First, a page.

Wednesday, January 2, 2013

Just for teachers!




Strategies>>>>>>>>>>>>>>>>>>>>>>>>>>>>>>
3-2-1 Exit Slip: 3 important facts, 2 interesting things, 1 question you still have (modify to fit accordingly)

Vocab Swat. Write vocab words on white board. Students swat the correct word when you give definition or characteristic.

Appointments with working partners. Make partners prior to giving question or assignment. Student work with predetermined partners and switch when you give the signal.

Think, write, pair-share, rewrite.

Walk across the room if…. Can be hypothetical for frontloading and determining prior knowledge or based on actual events in history or a novel. Use for review or pre-activity.

Sentence starters with paraphrase. She said that____, and I’d like to add that…. OR He said that______, but I think that….

Discussion with textual evidence. Have students quote the exact text and page number. Everyone turns to the page and follows along.

Collaborative reading. I, the teacher, will read. Students will finish the sentence when I pause. I might call on a particular student only, so follow along carefully.

*Complied by S. Kilby for the betterment of teachers. No intellectual property infringement intended.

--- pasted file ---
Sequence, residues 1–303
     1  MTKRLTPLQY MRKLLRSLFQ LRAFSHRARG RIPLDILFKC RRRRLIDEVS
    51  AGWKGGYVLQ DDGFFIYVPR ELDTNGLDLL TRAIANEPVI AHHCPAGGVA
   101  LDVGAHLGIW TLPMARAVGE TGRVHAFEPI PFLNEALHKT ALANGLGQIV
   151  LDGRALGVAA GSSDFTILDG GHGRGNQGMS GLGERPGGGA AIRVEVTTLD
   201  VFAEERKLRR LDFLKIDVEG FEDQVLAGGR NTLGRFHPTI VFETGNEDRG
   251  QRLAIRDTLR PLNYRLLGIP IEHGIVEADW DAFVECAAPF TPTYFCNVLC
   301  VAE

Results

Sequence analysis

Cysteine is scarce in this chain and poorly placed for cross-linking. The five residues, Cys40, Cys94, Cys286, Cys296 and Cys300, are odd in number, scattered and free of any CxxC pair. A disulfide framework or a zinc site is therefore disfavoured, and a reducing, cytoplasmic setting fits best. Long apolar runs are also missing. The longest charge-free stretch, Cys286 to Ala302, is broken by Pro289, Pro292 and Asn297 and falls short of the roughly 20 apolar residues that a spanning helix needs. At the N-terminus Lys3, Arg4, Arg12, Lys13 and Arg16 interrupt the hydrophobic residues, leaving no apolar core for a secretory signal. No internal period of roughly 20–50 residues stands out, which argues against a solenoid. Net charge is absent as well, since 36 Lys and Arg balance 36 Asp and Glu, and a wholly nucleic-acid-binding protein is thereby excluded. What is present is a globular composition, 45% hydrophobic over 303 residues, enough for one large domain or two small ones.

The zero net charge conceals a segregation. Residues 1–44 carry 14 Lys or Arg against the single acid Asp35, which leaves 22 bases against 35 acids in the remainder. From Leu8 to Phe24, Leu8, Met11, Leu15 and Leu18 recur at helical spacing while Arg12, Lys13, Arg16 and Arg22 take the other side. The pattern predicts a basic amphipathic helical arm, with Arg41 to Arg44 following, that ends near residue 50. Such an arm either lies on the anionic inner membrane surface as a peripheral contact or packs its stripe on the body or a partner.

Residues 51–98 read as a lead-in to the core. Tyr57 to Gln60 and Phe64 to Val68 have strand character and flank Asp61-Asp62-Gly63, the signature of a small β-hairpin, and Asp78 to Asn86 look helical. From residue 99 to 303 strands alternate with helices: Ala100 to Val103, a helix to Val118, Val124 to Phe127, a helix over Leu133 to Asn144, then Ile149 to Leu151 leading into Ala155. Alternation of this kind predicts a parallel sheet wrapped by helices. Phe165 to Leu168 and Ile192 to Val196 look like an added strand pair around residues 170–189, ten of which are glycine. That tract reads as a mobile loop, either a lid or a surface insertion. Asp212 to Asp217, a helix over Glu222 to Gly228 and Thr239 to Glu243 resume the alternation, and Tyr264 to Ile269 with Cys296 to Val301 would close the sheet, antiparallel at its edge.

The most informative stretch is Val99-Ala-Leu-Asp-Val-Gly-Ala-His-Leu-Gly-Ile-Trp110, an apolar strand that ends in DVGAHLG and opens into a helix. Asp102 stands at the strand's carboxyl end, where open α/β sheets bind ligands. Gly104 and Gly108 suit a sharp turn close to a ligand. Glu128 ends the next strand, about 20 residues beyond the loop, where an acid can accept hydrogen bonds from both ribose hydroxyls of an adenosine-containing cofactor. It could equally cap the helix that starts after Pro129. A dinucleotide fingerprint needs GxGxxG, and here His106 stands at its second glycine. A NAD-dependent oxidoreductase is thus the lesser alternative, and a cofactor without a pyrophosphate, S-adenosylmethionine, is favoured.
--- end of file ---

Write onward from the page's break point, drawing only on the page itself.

Tips>>>>>>>>>>>>>>>>>>>>>>>>>>>>>>>>>>>>>>>>>>>>>>>>>>>>>

Use two decks of cards. One deck you hand out to students. The other you use to draw from for random call.

Use one deck of cards to create random groups of four (or any other predetermined amount). This requires more planning and for you to pass out an equal number of 2s, 3s, etc.

Use an online timer and project onto the board for time management. http://www.online-stopwatch.com/countdown-timer/

Use creative partnering for work. For example, “Work with someone who was born in the same month as you.”

When using group work, give each student a job. Clearly define each job. (Task manager, time keeper, quality checker, fact checker, gate keeper etc.).

Have students submit their work electronically periodically via email or your blog/website.

Grade multiple choice quizzes in class. The students get immediate feedback, and it saves you precious time.

Have students write their own quiz or test questions. They take more ownership for the learning and the test results.

*Complied by S. Kilby for the betterment of teachers. No intellectual property infringement intended.


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